Raheel Raza

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Raheel Raza
Raheel Raza by Gage Skidmore.jpg
Raza speaking in 2014.
Born 1949/1950 (age 68–69)[1]
Pakistan
Residence Toronto, Ontario, Canada
Alma mater Karachi University
Occupation Journalist, author, public speaker, media consultant, anti-racism activist, and interfaith discussion leader
Known for Opponent of Islamic terrorism and conservative Islam
Notable work Their Jihad... Not My Jihad!: a Muslim Canadian Woman Speaks Out (2005)
Movement Progressive Islam
Board member of Muslim Canadian Congress
Awards Constance Hamilton Award of the City of Toronto
Canadian Ethnic Journalists & Writer’s Club award for excellence in journalism[2]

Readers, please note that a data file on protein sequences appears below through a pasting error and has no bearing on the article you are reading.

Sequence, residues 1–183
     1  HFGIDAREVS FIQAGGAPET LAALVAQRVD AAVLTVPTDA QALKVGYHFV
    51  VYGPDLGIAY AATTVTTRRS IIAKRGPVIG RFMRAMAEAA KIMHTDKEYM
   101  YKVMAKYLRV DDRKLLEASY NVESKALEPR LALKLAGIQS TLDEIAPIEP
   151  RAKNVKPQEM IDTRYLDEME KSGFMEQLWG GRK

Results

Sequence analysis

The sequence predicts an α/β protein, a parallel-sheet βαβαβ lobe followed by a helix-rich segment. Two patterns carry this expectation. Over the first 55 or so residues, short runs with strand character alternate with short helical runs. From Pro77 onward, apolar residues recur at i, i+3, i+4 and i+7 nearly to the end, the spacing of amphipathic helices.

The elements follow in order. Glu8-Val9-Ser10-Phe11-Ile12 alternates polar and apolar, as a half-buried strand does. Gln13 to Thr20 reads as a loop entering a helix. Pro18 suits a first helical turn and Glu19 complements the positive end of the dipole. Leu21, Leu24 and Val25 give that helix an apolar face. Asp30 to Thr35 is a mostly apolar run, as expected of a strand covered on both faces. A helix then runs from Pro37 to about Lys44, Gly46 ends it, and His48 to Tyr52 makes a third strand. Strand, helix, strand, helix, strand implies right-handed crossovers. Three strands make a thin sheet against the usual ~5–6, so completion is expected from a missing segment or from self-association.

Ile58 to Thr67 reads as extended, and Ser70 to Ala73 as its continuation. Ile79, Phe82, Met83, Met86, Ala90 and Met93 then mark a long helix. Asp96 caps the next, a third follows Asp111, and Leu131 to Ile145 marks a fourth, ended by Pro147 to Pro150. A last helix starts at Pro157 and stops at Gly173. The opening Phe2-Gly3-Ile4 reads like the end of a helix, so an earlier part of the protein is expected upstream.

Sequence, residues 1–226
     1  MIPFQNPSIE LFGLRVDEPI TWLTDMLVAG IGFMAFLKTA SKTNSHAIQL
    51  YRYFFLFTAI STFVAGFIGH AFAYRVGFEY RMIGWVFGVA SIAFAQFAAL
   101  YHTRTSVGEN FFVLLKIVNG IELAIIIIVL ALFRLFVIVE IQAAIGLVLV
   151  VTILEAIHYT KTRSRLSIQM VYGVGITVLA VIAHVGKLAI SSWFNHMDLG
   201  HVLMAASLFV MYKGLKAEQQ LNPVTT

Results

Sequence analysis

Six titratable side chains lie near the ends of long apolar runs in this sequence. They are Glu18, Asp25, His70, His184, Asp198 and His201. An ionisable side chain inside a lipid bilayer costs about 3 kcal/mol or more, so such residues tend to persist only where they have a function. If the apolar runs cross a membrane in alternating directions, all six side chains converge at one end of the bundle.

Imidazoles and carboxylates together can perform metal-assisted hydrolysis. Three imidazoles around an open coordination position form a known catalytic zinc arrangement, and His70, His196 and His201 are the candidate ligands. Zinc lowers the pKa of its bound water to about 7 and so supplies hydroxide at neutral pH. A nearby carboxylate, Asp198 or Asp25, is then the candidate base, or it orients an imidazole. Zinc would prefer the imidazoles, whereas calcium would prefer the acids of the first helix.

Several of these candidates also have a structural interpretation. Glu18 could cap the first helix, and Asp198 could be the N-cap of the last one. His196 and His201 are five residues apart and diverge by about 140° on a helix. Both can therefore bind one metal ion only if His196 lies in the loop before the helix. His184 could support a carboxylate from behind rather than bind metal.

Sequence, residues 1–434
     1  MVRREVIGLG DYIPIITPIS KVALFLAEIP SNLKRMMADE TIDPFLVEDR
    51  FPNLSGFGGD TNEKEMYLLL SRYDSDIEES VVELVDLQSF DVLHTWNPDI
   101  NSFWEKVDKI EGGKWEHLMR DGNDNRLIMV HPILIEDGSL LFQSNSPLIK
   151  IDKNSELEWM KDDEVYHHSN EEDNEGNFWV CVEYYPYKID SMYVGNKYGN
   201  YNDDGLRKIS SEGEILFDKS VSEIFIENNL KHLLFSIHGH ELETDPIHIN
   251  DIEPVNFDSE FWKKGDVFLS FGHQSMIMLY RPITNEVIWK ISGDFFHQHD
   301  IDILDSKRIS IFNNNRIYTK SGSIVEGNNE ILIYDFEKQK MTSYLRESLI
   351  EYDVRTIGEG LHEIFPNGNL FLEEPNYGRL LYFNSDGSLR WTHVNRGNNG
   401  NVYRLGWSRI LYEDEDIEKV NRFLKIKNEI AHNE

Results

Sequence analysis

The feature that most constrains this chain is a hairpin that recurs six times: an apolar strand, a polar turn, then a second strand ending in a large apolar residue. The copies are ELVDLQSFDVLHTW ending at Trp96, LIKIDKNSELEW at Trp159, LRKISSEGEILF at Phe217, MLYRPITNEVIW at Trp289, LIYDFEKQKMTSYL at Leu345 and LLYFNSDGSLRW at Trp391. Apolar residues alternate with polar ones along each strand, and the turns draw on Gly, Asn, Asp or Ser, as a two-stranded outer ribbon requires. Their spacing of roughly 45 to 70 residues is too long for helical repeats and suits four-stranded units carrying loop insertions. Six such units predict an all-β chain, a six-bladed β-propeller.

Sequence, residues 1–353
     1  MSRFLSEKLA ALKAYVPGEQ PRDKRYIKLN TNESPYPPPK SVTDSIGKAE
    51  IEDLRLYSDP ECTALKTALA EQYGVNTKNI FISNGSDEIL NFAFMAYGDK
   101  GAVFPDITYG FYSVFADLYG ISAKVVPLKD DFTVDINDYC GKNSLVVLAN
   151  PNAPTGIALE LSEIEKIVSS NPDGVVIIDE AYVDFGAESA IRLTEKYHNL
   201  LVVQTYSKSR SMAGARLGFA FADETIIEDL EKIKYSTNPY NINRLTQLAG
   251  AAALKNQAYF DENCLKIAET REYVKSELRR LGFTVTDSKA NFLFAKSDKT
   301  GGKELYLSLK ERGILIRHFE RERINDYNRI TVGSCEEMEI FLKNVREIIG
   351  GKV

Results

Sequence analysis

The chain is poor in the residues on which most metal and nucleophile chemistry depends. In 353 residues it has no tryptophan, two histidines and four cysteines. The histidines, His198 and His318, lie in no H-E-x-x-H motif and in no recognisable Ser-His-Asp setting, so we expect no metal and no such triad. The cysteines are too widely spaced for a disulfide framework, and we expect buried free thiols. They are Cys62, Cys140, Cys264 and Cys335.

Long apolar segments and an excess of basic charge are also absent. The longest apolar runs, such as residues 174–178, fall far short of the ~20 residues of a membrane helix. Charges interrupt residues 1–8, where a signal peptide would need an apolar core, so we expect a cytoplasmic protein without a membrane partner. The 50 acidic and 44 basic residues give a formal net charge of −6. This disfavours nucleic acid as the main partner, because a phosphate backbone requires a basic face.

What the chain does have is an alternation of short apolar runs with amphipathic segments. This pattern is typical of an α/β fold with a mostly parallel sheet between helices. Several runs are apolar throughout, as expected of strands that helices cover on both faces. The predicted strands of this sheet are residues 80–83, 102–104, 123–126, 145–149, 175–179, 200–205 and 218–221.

Website Raheelraza.com

Raheel Raza (born 1949–50) is a Pakistani-Canadian journalist, author, public speaker, media consultant, anti-racism activist, and interfaith discussion leader.[3][4][5][6] She lives in Toronto, Ontario, Canada.[7]

She is the author of Their Jihad, Not My Jihad: A Muslim Canadian Woman Speaks Out.[3] She opposes Islamic extremism.[8]

Early life[edit]

Raza is a Pakistani currently living in Canada.[9] She graduated from Karachi University with degrees in Psychology and English.[10] In 1989, she, her husband and her two sons moved to Toronto.[6][10]

Activism and political views[edit]

On Islam[edit]

She has unequivocally condemned the September 11th terrorist attacks and all terrorism and violence in the name of religion, as well as that done in the name of Islam specifically.[4][8] She claims "radicals" have their own interpretation of Islam, and that the Qur'an does not justify suicide bombings.[11]